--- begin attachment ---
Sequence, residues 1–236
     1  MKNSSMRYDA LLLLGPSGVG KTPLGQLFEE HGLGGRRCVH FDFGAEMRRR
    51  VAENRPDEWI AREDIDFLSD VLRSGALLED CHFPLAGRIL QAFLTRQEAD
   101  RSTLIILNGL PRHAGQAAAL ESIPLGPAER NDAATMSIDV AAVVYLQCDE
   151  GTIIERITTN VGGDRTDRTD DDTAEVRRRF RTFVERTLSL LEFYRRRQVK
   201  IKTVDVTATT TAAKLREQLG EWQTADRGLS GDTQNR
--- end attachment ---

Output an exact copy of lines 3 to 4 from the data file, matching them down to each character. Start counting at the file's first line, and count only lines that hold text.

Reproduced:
    51  VAENRPDEWI AREDIDFLSD VLRSGALLED CHFPLAGRIL QAFLTRQEAD
   101  RSTLIILNGL PRHAGQAAAL ESIPLGPAER NDAATMSIDV AAVVYLQCDE